Before the advent of smart speakers, the best reason to invest in a smart home hub was to unify multiple communication protocols under one platform. Smart home hubs are designed to work across many different wireless standards, including Wi-Fi, Zigbee, Z-Wave, and Bluetooth. So if you have devices that work on different standards, a hub will most likely allow you to control them all from one centralized location, i.e., the hub’s app (note: not all smart home hubs work with every smart home device). But today, is this still enough of reason to spend upwards of hundreds of dollars on a hub? To most, the answer is ‘no.’ In a CNET article titled: “The only way to save the smart home hub is to kill it,” contributor David Priest contends that “folding the signal translation and automation capabilities of a hub into another essential device that people already buy — be it a router, TV or perhaps even security camera –…moves standalone hubs out of the middleman position in the smart home. As the market continues to develop, customers will be less inclined to spend over $100 on a device that does nothing in and of itself besides helping two other devices communicate…the smart home hub will only survive if it’s reincarnated as something more.”


That’s why products like the Amazon Echo, Google Home, and Samsung Connect Home are so appealing to consumers: they do so much more than just link up your solitary smart devices. Launched in 2014, the Echo was the first mass market voice-controlled smart home hub, and since then, other companies like Google and Apple have jumped on the bandwagon. Besides it being able to connect to a plethora of smart devices (with more and more being added each quarter) which you can control through voice commands, the Echo is also an excellent standalone smart speaker, which makes it that much more appealing to consumers. What traditional smart home hubs do really well (that devices like an Echo or Google Home do not) is offer better scheduling and automation controls, so there are some reasons why a user may opt for something other than an Echo or HomePod. But in order to stay relevant, smart home hub manufacturers must follow the “more bang for your buck” model and combine unique features (such as voice control or even just a first-class app) with the traditional hub.


But what about from the consumer electronics end – the entertainment devices users want to connect to a central hub, such as wireless speakers? Combining individual entertainment systems to work together to create a truly connected smart home is non trivial – it requires precise synchronization, low latency for lip sync and a general reliability over standard Wi-Fi (the best and most commonly used communication protocol for the home.) Something like this hasn’t been done before – until now.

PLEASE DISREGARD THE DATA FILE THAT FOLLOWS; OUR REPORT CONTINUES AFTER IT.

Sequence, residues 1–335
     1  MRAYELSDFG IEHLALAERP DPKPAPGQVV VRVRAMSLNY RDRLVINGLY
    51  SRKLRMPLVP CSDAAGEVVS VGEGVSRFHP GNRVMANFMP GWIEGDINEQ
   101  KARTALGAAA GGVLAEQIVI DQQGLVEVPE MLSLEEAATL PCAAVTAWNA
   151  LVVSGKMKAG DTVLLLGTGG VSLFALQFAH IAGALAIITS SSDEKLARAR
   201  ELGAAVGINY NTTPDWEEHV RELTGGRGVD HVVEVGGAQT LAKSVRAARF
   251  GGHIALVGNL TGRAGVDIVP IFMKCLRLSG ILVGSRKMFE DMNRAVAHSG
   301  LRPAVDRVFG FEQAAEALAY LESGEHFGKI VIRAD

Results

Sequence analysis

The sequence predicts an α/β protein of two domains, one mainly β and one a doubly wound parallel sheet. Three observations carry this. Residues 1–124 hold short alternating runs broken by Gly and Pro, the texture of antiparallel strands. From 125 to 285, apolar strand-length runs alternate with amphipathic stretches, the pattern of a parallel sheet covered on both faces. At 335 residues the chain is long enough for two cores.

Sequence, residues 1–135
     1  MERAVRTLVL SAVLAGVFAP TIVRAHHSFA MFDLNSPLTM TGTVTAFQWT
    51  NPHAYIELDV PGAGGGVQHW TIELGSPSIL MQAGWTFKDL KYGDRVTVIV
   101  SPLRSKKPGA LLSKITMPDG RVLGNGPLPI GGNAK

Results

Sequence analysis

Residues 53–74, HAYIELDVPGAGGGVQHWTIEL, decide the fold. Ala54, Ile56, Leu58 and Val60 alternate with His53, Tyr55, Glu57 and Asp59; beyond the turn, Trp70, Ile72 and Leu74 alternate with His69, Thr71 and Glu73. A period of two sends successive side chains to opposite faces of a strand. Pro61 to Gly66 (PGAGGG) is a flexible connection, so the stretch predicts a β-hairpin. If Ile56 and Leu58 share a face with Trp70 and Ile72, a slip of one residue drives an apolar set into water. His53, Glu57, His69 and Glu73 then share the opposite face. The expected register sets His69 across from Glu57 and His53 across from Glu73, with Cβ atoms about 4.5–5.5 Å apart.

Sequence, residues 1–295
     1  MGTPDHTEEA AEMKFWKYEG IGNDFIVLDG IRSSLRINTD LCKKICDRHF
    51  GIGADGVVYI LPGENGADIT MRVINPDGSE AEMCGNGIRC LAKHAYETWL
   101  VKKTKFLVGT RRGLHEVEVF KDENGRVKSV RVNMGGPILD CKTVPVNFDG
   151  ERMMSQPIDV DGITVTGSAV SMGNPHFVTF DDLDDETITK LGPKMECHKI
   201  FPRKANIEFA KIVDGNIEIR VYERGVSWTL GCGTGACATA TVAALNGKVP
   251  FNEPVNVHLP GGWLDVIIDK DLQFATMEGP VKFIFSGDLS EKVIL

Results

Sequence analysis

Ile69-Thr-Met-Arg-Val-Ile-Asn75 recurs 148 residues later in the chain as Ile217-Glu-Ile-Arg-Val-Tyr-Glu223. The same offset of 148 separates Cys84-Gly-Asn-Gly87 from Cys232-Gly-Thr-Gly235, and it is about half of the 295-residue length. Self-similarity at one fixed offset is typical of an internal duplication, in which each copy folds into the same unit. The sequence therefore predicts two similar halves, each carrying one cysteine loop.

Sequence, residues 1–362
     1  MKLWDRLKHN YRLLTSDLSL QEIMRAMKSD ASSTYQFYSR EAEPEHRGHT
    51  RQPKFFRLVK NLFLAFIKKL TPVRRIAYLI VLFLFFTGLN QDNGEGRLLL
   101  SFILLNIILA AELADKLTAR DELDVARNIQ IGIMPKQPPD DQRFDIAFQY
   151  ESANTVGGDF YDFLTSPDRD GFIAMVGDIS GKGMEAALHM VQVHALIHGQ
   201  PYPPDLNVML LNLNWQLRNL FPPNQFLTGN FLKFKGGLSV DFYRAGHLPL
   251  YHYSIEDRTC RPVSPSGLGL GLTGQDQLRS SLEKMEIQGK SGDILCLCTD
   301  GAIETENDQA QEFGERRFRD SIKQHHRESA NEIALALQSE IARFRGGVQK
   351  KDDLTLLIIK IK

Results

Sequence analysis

Blackfire Research is making the smart home smarter by helping consumer electronics manufacturers get their products off isolated entertainment islands and create hub-friendly solutions. Our revolutionary new protocol, The Blackfire Realtime Entertainment Distribution (RED) framework, allows users to mix and match entertainment devices – from multiple brands that are Blackfire enabled – to create a whole home entertainment system. With the Blackfire RED framework embedded in wireless speakers and the smart home’s voice-activated smart speaker (such as an Echo or a Dot), users can finally enjoy a truly connected home. With Alexa, you can ask any Blackfire enabled device to play music, wirelessly and synchronously throughout the home, in groups and on multiple devices. The Blackfire RED framework also supports low latency and multi-channel, which other wireless solutions do not.


The Blackfire RED framework is the most synchronous, reliable, and cost effective wireless solution on the market. Voice service solutions require a high performance, multi-room solution like the Blackfire RED framework, which can allow multiple devices to respond to voice commands, simultaneously, and can be integrated into a broad spectrum of high quality voice service applications.


The Blackfire RED framework enhances the smart home hub and does what no other solution has done before. Harman Kardon, Pioneer, and Onkyo have stepped into the future by leveraging Blackfire’s technology in over 100 new products this year alone. Now is your chance. Join the Blackfire Revolution today.

Why your WiFi sucks and what you can do about it

Why your WiFi sucks and what you can do about it